Again, the documents describe the waste land as exempted from all revenues (samudayabahya). Whether the plots after sale became liable to the revenue assessment is a point on which the records are silent, but it may be guessed that they became liable to a progressive enhancement of the revenue till the normal rate was reached. One other point remains to be mentioned in this connection. In the documents the intending purchasers are frequently mentioned as making a formal application for purchase of certain kulyavapas of land according to the prevailing rates of sale for one kulyavapa, while the authorities at the time of making over the plots to them cause the lands to be severed according to the measure of 8x9 reeds (nala). The first of these measures related to the seed-capacities of fields (one kulyavapa comprising as much land as can be sown with a kulya of seed), while the second was evidently an oblong measure comprising an area of nine reeds in length and eight reeds in breadth.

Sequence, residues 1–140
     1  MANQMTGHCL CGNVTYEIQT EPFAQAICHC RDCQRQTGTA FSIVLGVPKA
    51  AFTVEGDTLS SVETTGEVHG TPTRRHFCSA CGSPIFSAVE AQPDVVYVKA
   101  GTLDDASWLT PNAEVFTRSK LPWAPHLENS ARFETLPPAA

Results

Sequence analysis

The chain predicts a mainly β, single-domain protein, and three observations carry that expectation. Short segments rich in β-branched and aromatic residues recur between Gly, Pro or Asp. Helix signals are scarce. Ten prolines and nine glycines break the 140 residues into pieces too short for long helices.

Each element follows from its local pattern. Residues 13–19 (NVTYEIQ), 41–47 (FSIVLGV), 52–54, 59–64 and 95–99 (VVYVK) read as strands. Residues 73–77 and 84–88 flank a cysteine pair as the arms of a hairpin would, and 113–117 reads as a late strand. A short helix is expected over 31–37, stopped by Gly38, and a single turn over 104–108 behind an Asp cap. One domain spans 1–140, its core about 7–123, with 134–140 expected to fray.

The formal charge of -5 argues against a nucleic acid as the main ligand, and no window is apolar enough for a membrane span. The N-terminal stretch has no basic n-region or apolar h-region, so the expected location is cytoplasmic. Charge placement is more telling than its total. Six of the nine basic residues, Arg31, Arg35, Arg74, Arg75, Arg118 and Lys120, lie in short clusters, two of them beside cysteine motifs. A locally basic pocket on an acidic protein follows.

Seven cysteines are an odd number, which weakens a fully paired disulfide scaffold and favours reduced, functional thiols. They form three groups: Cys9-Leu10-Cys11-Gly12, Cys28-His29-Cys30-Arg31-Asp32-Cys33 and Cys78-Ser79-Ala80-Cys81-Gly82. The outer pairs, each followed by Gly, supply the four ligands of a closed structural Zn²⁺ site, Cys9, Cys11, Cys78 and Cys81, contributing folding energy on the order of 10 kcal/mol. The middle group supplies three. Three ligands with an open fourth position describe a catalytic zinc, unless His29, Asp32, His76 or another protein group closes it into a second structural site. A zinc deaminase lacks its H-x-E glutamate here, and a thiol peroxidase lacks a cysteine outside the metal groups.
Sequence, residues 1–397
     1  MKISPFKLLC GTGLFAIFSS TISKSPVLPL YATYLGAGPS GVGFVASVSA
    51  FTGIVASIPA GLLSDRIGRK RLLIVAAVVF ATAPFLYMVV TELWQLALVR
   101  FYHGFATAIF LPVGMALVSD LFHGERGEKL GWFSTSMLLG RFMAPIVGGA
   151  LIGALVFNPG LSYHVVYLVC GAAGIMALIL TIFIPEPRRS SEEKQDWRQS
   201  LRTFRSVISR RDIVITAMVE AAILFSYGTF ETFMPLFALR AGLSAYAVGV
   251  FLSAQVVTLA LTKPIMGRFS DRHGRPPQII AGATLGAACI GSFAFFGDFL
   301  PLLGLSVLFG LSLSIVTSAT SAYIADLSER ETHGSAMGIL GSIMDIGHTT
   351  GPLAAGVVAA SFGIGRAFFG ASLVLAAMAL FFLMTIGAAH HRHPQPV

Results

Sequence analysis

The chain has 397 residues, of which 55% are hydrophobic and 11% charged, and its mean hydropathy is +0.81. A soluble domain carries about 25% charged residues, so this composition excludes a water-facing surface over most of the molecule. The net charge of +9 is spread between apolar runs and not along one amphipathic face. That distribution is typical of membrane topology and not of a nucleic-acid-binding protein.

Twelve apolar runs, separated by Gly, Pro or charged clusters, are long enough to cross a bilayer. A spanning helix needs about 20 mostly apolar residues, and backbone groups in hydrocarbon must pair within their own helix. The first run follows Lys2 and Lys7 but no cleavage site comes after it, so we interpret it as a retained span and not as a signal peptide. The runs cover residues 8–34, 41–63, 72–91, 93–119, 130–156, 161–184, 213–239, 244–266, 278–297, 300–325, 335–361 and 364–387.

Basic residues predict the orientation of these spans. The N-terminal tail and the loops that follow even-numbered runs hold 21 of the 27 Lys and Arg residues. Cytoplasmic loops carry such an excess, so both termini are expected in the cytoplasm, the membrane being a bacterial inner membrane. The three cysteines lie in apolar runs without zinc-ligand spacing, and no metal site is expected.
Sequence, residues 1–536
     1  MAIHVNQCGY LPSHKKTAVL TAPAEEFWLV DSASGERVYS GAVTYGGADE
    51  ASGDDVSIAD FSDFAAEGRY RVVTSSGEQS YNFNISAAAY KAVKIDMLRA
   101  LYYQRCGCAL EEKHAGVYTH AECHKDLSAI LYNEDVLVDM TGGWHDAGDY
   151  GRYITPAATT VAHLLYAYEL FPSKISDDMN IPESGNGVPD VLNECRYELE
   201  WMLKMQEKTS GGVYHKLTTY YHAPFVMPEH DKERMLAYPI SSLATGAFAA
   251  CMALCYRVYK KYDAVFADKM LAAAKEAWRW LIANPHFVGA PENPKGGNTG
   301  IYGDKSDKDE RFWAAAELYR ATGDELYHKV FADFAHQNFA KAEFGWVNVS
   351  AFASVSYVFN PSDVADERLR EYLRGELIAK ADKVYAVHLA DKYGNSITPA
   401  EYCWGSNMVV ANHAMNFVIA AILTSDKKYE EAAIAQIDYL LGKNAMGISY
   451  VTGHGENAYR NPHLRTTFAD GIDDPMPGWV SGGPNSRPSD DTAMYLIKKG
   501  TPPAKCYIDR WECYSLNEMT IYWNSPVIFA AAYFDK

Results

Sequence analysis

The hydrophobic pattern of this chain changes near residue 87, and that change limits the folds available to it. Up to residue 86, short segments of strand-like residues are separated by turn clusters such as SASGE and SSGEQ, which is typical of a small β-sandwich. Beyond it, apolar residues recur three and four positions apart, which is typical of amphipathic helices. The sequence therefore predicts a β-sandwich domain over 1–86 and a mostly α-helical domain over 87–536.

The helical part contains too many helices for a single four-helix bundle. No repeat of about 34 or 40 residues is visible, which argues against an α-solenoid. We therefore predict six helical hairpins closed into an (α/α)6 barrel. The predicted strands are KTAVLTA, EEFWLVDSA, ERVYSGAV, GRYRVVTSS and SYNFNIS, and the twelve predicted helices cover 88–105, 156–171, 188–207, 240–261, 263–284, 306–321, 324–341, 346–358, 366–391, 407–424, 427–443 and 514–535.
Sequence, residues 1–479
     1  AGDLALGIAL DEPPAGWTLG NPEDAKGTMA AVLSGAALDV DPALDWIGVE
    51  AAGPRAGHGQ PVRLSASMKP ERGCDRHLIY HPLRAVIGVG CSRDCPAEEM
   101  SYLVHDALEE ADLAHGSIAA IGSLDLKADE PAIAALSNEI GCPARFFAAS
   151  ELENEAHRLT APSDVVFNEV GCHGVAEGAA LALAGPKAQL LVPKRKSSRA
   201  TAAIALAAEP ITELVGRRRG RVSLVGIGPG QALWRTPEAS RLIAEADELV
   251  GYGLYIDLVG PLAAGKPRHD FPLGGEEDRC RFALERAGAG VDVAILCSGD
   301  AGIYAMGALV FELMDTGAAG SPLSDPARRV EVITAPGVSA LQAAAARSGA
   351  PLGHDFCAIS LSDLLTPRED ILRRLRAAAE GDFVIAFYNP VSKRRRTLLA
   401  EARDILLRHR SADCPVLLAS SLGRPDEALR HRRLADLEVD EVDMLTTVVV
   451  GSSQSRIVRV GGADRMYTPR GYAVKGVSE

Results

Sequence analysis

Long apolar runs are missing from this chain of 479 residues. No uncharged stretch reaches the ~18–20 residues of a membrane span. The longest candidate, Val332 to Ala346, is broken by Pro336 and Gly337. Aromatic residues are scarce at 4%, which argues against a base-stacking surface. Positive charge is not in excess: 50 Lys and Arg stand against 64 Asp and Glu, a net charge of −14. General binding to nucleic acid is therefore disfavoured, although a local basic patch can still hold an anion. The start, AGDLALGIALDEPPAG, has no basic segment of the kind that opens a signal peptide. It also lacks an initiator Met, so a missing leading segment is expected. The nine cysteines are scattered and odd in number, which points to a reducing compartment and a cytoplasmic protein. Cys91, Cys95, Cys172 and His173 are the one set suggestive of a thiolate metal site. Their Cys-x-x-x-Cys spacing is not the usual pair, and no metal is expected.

We may then conclude that while the primitive measure by seed capacity was in popular use from earlier times, the Gupta administration engrafted upon it the more improved measure according to the area of the land. Even this last improvement was not enough, as the reed consisted of varying units of length called hastas. To produce a reliable standard it was necessary to fix the size of the hasta measure. This last step was taken in the documents from Eastern Bengal above-mentioned, where the lands are required to be severed according to the measure of 8 x 9 reeds by the hand of the famous and upright Sivachandra.